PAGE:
Breakfast, Casual Dining, Lunch,
Cheap | Under R100,
In a quest for Middle Eastern cuisine, I found myself visiting the new Lebanese Bakery on Imam Haron Road. Yes, it’s called Lebanese Bakery in case you were waiting for the name.
Run by Nicky who is Capetonian and her husband Shawki, of Lebanese origin, the Lebanese Bakery is small and quaint. It is almost deli style and minimalist with a clay pizza oven within view of the seating in which the breads are freshly made. There is a striking painting of a refugee child behind the counter which really grabs your attention.
The menu is succinct with 3 main items and variations of these. They offer Manakish, a Middle Eastern Flatbread which can be served open or folded. The Manakish is available in various flavours such as Zaatar, Labneh, Cheese and Veggie. It is also offered with meat as a second type of variation, called Sfiha and Kafta. The next item is the Fatayer which is a Middle Eastern pie stuffed with either cheese or spinach. Lastly the piece de resistance came in the form of a Middle Eastern bagel called Ka’ak with various filling options such as halloumi, cream cheese or Nutella. The aroma of the freshly baked Ka’ak wafted through the place and was oh so enticing.
After having a brief chat with Shawki regarding his inspiration to open, I placed my order. Shawki was kind enough to offer suggestions on what to order and what was most popular. I ended up ordering the Manakish with Zaatar, cheese and one with meat which was called Manakish Sfiha. I also ordered a spinach Fatayer and a Ka’ak with half Nutella and banana and half halloumi.
The Taste Test
I was blown away by the texture and taste of the hot, fresh Ka’ak with the Nutella and banana. It felt like I had just tasted a little bit of heaven. Now even though it deviates from being authentic Middle Eastern, the Nutella and banana filled Ka’ak is a MUST. I found the Ka’ak with halloumi to be a little bit bland but acceptable especially if you like something more plain. The spinach Fatayer was not really something that jumped out at me taste wise. Personally I would not repeat it. I did however, absolutely love the Manakish selection. They looked like miniature pizzas almost. My favourite was the Sfiha or meat one. It was tasty and the meat flavour blended well with the bread base. I also really enjoyed the cheese Manakish, I found the Zaatar one to be a tad overpowering. I think with a bit of hummus the Zaatar one would have been great, but since it was topped with just the Zaatar I felt it to be too potent.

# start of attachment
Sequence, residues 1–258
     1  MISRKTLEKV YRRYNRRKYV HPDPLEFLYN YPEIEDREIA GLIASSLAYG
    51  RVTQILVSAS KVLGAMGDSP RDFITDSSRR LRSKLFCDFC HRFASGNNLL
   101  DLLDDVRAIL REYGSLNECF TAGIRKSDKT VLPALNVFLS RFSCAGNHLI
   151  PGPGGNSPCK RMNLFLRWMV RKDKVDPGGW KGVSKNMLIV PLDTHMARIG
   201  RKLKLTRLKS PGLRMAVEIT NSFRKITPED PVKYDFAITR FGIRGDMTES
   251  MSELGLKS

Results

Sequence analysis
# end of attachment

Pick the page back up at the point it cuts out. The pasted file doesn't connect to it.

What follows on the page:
I ordered the Laban which is a Middle Eastern yoghurt drink. It was lovely and refreshing alongside the breads. They also offer a range of coffees, juices and cooldrinks. Prices of the various bread options range from R40 to R70. For two people you would pay around R240 for a range of breads and drinks.
Parking is a problem but one can find parking at the back of the building as well as on either of the side roads. You can request half and half as the Ka’ak are big. That way you can have more of a variety. The clay oven means the place gets quite warm inside, best to sit a little further away from the oven. The breads are best eaten hot so try to sit down rather than grab a takeaway.By Rafieka Banderker
Accountant by profession, writer at heart. Avid traveller, adrenaline junkie and bookworm.
“You were born with wings, why prefer to crawl through life”- Rumi
The above quote pretty much sums me up. I live life to its absolute fullest!
Reviewed: 7 November 2018
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Breakfast, Casual Dining, Lunch
Cheap | Under R100
Label of Field